- Press Release
- Oct 31, 2023
Minutes of Senior Staff and Center Directors’ Meeting January 3, 2000
The following documents the discussions addressed at the Senior Staff and
Center Directors’ Meeting on January 3, 2000. Mr. Goldin attended the
meeting. Action assignments have been placed in brackets [ ] for easy
1. AA Reports
B/Holz: Mr. Holz reported that we received Office of Management and Budget
(OMB) clearance on our FY 2000 Operating Plan, and it has been sent to the
Hill. The FY 2001 President’s budget is still undergoing formulation and
adjustments. New adjustments were received at the end of December.
Discussions are continuing with the Associate Administrators (AA’s) and OMB
to resolve ambiguities and gain clarifications where needed. The lateness
of the final adjustments is creating some production issues, and Code B
hopes it can count on your support during the development of our
congressional budget due to Congress the first week in February.
H/Luedtke: Mr. Luedtke appreciated all efforts made by the Procurement
Contracting Officer’s Technical Representative (COTR) and Information
Technology (IT) people over the last few years in working with the
contractors to ensure that they were Y2K compliant.
I/Schumacher: Mr. Schumacher reported that Russian President Boris Yeltsin
resigned, and Code I is waiting to determine what the recent changes in
Russia will mean for NASA.
U/Nicogossian: Dr. Nicogossian reported that the Honorable David Satcher,
Surgeon General of the United States, will be the keynote speaker for the
first session of Code U’s continuing education series 2000, “Global Trends
of Emerging Infectious and Non-Infectious Diseases,” on January 14, 2000,
from 11 a.m.-1 p.m. in ViTS room CD-61. Dr. Satcher is the 16th Surgeon
General of the United States and only the second person in history to
simultaneously hold the positions of Surgeon General and Assistant
Secretary of Health in the Department of Health and Human Services.
AO/Holcomb: Mr. Holcomb reported on the following items: 1) The NASA Y2K
team should take pride in what has been a truly extraordinary
accomplishment. As of 10 a.m. this morning, NASA has transitioned
successfully to the year 2000 with no significant problems. During the
monitoring period, the Agency suffered a few minor anomalies that were
easily fixed. Only one, involving a piece of planning software for Upper
Atmosphere Research Satellite (UARS), appeared to be Y2K related; however,
it did not affect any real-time mission-critical systems. The NASA Y2K
team worked quite effectively over the past several years to repair and
certify our systems and then execute our zero-day strategy. Andrea Norris
of Code AO deserves recognition for her leadership and team-building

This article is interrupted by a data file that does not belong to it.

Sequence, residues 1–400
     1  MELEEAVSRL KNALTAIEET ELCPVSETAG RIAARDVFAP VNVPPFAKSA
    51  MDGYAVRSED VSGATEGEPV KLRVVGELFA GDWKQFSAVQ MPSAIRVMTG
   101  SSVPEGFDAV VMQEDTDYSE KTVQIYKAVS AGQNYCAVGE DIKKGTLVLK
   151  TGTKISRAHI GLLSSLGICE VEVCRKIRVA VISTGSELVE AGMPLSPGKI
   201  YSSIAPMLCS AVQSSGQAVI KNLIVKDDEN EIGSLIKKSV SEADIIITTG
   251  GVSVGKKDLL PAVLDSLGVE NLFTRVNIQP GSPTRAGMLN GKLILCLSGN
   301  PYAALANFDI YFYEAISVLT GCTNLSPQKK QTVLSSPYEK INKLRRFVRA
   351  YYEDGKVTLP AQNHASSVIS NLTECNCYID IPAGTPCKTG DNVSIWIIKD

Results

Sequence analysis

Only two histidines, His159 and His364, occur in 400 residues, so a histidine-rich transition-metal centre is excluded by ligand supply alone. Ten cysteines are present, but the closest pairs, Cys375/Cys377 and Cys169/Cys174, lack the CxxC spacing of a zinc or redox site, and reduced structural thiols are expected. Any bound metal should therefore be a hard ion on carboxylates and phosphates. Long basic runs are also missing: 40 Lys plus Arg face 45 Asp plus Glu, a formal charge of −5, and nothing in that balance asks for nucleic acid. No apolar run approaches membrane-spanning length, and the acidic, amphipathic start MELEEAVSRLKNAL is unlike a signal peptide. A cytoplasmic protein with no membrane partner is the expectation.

skills. Each Center Y2K manager has met and addressed each challenge that
has come our way over the past few years. A special thanks to Bernie
Tomardy and Bill Duffy of GSFC for serving as gracious hosts for the NASA
Y2K Communications Center (NYCC). Our success was due in large part to the
outstanding satellite operations teams at MSFC, JSC, JPL, and GSFC with
special thanks to Tom Maione of GSFC, Paul Allison and Sheila Fogel of
MSFC, and Dick Mathison of JPL. These teams deal with numerous anomalies
each and every day. During the rollover, these teams rapidly and
effectively addressed all anomalies. We appreciate the sacrifices made by
each member of the NASA Y2K team over this past weekend. When we requested
information, each Center was staffed to respond rapidly. Our success was
due in large measure to the commitment of Senior Management who supported
prudent and appropriate Y2K investments. Mr. Holcomb noted that DOD
suffered a Y2K outage of one of its reconnaissance systems shortly after
Greenwich Mean Time (GMT) rollover, despite a Y2K investment of nearly 40
times that of NASA. 2) The following is a status as of 10 a.m. today:
Flight controllers continue to make contact with NASA spacecraft according
to previously planned schedules. The spacecraft and related communications
systems are functioning without incident. JSC reports that the Mission
Control Center for the International Space Station (ISS), which was taken
offline before the Y2K transition in Moscow (4 p.m. EST December 31) was
successfully brought back online. The NASA Automated Data Processing
Consolidation Center (NACC) at MSFC successfully transitioned to 2000 on
January 1 and is fully functional without experiencing any Y2K anomalies.
NASA Payroll is fully operational. The QuikSCAT spacecraft entered
safehold at approximately 10 a.m. EST (1500 Universal Time Clock (UTC)) on
January 1, 2000 caused by an Inertial Reference Unit (IRU) failure. There
is no indication the IRU failure is related to Y2K. The QuikSCAT teams